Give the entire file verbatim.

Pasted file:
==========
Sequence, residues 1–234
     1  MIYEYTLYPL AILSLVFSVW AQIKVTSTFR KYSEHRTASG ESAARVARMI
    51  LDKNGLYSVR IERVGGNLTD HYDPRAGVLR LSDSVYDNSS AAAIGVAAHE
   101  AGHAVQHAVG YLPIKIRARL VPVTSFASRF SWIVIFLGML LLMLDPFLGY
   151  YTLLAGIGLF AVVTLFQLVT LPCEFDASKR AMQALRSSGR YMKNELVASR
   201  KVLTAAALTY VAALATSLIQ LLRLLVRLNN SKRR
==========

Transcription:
Sequence, residues 1–234
     1  MIYEYTLYPL AILSLVFSVW AQIKVTSTFR KYSEHRTASG ESAARVARMI
    51  LDKNGLYSVR IERVGGNLTD HYDPRAGVLR LSDSVYDNSS AAAIGVAAHE
   101  AGHAVQHAVG YLPIKIRARL VPVTSFASRF SWIVIFLGML LLMLDPFLGY
   151  YTLLAGIGLF AVVTLFQLVT LPCEFDASKR AMQALRSSGR YMKNELVASR
   201  KVLTAAALTY VAALATSLIQ LLRLLVRLNN SKRR